9. The Ides of March -- been here, out on DVD sometime next year -- The message of actor and director George Clooney's film is how political power is sought and the high stakes have even those with high ideals doing whatever it takes to win. That passion leads to the question, does the end justify the means? In the case of Ides of March it does.

10. Moneyball -- been here, out on DVD soon -- It's a baseball movie and a good one. Brad Pitt -- who has always been a great actor -- rips through the dialogue in one of the easiest, funniest and most natural performances of the year. He's electrifying and -- if you'll allow a bit of wordplay -- Pitt and this movie knock it out of the park.

Films that might make the best list that I haven't seen yet:

We Need to Talk About Kevin

Iron Maiden

Extremely Loud and Incredibly Close

Albert Nobbs


Guilty pleasure and close to making the best list:

Young Adult

Crazy, Stupid, Love.


Horrible Bosses


Midnight in Paris

The Guard


Bad Teacher


The Rise of the Planet of the Apes

X-Men: First Class

So many bad movies -- so little space. 2011's Worst

1. Jack and Jill -- Adam Sandler has been making really bad movies for a really long time. None worse than this one. For a guy who has been making consistently awful movies from early in his career until now, Jack and Jill has the distinction of being the worst Sandler movie ever.

2. The Hangover II -- As bad and unfunny as the first one was good and very funny.

3. What's Your Number -- What's What's Your Number's? number? An algebraic formula explains it best. BE (bad editing)+ BS (perfect initials for bad script. You can use your imagination a bit. The initials beg for that kind of conclusion) - BM (Bad movie -- or even more perfect initials for you to play with) = MMR (Mr. Movie rating). Total: Zero.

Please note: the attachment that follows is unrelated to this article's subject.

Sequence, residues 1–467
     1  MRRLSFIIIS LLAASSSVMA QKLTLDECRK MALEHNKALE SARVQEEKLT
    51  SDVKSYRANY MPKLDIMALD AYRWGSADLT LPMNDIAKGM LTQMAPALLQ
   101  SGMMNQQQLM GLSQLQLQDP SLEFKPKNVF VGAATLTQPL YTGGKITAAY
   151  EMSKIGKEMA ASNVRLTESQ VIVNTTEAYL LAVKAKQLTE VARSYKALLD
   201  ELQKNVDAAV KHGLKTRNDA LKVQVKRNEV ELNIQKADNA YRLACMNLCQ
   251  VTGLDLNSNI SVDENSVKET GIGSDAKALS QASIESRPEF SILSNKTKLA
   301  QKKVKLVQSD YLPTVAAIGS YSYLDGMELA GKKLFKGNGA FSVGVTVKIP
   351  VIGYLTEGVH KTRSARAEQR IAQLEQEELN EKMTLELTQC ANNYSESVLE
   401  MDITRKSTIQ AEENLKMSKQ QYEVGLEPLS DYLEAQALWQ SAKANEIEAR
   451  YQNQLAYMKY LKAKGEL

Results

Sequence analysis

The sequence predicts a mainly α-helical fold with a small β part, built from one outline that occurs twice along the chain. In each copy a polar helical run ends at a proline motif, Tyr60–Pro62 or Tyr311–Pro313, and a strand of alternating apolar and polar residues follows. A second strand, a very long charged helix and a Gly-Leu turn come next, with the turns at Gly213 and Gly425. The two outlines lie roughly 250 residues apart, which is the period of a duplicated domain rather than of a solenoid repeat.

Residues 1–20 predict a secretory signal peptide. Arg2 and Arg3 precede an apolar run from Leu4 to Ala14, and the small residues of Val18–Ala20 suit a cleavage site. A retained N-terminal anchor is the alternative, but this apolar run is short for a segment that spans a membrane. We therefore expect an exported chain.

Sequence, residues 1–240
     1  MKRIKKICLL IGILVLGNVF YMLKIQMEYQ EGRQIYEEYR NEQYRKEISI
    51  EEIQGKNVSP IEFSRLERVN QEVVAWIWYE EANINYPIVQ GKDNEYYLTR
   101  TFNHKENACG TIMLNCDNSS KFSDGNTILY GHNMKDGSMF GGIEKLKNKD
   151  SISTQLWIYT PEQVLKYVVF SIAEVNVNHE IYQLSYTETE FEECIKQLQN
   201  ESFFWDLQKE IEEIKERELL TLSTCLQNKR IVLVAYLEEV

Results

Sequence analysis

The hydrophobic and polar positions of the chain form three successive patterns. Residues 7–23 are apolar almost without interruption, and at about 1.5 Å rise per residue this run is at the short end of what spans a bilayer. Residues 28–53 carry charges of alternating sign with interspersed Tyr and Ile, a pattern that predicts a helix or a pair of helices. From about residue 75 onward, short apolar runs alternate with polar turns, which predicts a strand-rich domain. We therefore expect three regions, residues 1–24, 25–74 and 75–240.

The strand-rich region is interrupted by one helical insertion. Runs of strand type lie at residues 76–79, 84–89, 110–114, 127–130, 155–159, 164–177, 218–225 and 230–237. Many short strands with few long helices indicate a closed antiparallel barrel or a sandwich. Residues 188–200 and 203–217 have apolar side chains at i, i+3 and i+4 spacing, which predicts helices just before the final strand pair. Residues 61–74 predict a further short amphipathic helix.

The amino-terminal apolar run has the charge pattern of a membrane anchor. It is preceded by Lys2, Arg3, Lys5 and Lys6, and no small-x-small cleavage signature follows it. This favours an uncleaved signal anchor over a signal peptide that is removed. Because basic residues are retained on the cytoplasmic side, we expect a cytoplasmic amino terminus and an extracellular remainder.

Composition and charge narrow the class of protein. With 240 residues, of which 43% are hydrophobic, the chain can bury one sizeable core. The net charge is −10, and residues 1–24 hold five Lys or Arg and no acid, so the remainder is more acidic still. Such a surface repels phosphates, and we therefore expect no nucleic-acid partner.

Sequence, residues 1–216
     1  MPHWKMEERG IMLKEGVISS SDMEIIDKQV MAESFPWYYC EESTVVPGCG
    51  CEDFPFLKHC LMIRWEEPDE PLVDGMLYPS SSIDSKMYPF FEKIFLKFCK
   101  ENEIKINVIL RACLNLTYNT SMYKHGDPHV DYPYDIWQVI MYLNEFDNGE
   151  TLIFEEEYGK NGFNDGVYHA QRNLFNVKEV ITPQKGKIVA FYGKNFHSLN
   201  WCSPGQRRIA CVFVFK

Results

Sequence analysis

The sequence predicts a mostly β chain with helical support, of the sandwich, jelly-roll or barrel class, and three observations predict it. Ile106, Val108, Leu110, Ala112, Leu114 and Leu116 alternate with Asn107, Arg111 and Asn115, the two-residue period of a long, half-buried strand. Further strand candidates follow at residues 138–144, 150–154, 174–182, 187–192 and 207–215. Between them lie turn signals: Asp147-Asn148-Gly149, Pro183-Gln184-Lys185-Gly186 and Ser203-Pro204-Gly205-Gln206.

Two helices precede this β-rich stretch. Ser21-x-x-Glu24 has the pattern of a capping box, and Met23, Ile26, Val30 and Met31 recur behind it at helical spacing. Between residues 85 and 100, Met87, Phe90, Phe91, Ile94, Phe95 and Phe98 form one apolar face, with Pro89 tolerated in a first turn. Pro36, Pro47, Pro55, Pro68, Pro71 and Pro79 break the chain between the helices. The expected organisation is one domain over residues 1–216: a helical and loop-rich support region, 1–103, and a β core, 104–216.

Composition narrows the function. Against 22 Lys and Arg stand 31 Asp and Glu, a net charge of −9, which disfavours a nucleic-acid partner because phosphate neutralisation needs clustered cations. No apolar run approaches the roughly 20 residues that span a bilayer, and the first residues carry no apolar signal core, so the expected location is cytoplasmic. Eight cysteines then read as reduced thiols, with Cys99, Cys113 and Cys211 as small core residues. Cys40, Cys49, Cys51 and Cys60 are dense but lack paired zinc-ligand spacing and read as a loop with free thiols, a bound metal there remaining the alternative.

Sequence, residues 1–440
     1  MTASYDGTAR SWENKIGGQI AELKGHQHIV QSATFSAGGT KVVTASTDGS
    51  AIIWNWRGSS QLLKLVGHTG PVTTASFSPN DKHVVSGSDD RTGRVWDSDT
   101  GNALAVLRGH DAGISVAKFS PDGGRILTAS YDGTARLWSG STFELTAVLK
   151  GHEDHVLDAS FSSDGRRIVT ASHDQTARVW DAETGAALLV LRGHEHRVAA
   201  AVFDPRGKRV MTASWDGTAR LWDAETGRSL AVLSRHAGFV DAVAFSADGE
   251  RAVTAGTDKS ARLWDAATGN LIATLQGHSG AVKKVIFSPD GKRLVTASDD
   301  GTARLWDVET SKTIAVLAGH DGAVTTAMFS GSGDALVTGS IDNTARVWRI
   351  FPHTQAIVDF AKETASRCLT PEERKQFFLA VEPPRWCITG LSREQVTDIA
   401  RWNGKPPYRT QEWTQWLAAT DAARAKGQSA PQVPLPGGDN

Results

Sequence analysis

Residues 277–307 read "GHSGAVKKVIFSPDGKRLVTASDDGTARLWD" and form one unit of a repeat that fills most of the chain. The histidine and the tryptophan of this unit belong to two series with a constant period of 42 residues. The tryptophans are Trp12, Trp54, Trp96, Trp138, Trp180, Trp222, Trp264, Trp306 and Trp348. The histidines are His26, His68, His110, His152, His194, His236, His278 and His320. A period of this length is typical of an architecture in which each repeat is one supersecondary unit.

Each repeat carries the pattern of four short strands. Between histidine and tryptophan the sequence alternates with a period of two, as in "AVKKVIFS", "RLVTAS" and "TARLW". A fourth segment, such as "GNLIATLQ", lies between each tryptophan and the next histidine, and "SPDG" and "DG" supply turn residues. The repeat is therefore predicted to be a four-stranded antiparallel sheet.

4. I Don't Know How She Does It -- I not only have nothing nice to say about this Sarah Jessica Parker movie but I find it hard to have anything to say about it at all. A better title: I Don't Know Why She Did It and why the talentless Parker continues to do movies?

5. The Twilight Saga: Breaking Dawn -- Part 1 -- As noted earlier, I jokingly call it "Breaking Wind." Need I say more?

6. The Smurfs -- Is it possible that a film could have even less substance than the Saturday morning cartoon series? Heavy sigh. I saw this one so you don't have to.

7. Battle: Los Angeles -- A high-priced, high-tech clone of a video game where the characters move a pixel at a time to this dead-end or that.

8. Your Highness -- Billed as a "comedy," what passes for humor hits an all-time low.

9. Hop -- A regular guy ends up as the Easter Bunny. Brain death.

10. The Change Up -- It's Freaky Friday for adults. If you want to get a little more specific, adult males. Lots of nudity and language. And it's boring.

A dishonorable mention: Something Borrowed. This Kate Hudson star vehicle borrowed from every badly done eternal triangle love story ever done. Heavily. And it's so badly done.